Preferably, for greater simplicity of the track code characters, each group of tracks may be subdivided into two subgroups, and the same set of code characters may be assigned to both subgroups of each track group. A discrimination between the two subgroups can be accomplished simply by recording an additional code element on the tracks of either of the two subgroups. In this manner, if each group of sixteen tracks are subdivided into two subgroups each consising of eight tracks, as in the preferred embodiment disclosed herein, then only up to eight code elements are needed to provide the sixteen different code characters for each track group and, therefore, for all the tracks on the disk.
An additional advantage is that the track code of our invention does not demand one complete disk surface for recording. The track code may be written, along with other servo control information, on one or more servo sectors alternating with data sectors on the disk. The data sectors can be reserved for the storage of desired data by the user. It is also an advantage that the track code can be prerecorded by the transducer itself, without use of any such expensive equipment heretofore required for the creation of the replicated servo surfaces. The expensive encoders are also unnecessary.
Stated in another aspect thereof, our invention pertains to a closed-loop servo control system for positioning a transducer on any of the concentric tracks of the disklike record medium on which the track code is prerecorded as set forth in the foregoing. The closed-loop control system comprises control means connected between the transducer and the drive means coupled to the transducer for bidirectionally driving the same across the tracks on the record medium. Detecting the present position of the transducer from the code characters read by the transducer, the control means causes actuation of the drive means so as to make zero the difference between the present track and a destination track requested by an externally supplied track command, for positioning the transducer on the destination track. The seek speed is much higher than that of the conventional stepper motor system.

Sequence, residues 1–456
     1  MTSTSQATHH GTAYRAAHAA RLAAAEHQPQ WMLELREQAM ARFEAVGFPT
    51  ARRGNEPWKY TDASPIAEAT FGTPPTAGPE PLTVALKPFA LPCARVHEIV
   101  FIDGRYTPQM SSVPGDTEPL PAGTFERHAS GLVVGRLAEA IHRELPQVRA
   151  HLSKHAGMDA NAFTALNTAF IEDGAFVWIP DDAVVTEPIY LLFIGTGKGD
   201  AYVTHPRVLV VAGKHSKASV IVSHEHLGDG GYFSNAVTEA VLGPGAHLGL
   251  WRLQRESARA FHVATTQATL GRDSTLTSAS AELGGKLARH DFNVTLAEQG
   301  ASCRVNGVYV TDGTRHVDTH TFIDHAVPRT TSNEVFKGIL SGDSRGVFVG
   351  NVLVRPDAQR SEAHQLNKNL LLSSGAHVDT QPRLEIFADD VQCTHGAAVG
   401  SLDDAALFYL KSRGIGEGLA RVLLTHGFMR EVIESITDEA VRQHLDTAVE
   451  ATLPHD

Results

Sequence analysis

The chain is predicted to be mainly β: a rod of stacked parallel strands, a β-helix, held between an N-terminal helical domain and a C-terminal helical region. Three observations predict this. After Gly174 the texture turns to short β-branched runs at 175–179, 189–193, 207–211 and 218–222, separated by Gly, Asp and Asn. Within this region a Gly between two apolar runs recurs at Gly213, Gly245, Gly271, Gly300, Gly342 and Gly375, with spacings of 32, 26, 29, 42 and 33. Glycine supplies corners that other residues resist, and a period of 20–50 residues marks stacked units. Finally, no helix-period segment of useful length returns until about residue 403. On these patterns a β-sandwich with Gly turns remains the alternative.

The above and other features and advantages of our invention will become more apparent, and the invention itself will best be understood, from a study of the following description and appended claims, with reference had to the attached drawings showing the preferred embodiment of our invention.
FIG. 1 is a block diagram of the transducer positioning system embodying the principles of our invention, the positioning system including a hard magnetic disk as an example of record media to which our invention is applicable;
FIG. 2 shows, in developed form, one of the servo sectors on the magnetic disk used in the positioning system of FIG. 1;
FIG. 3 is a more detailed illustration of part of the servo sector of FIG. 2, including the track code subsector on which the track code is recorded;
FIG. 4 is a block diagram showing in detail the control circuit included in the positioning system of FIG. 1;
FIG. 5 is a block diagram showing in detail the position signal circuit included in the positioning system of FIG. 1;
FIG. 6, consisting of (A)-(E), is a series of waveform and timing diagrams useful in explaining the operation of the positioning system of FIG. 1;
FIG. 7 is a waveform diagram plotting the curve of the transducer position signal, generated in the positioning system of FIG. 1, against the transducer position with respect to the tracks on the magnetic disk;
FIG. 8 is a fragmentary illustration of the spiral path followed by the transducer on the revolving magnetic disk during track seek operations; and
FIG. 9 is explanatory of how the transducer travels from a departure track to a destination track and is positioned on the latter on the basis of the decimal equivalents of the track code characters that have been detected during such travel.
We will now describe the transducer positioning system of our invention in detail as adapted for a hard disk data storage and retrieval system shown diagrammatically in FIG. 1. At 1 is shown a hard magnetic disk mounted fast on a drive hub 2, although in practice a stack of two or more such disks might be employed. A disk drive motor 3 is coupled directly to the drive hub 2. A motor control and drive circuit 4 is electrically connected to the disk drive motor 3 for revolving the disk 1 at a predetermined speed.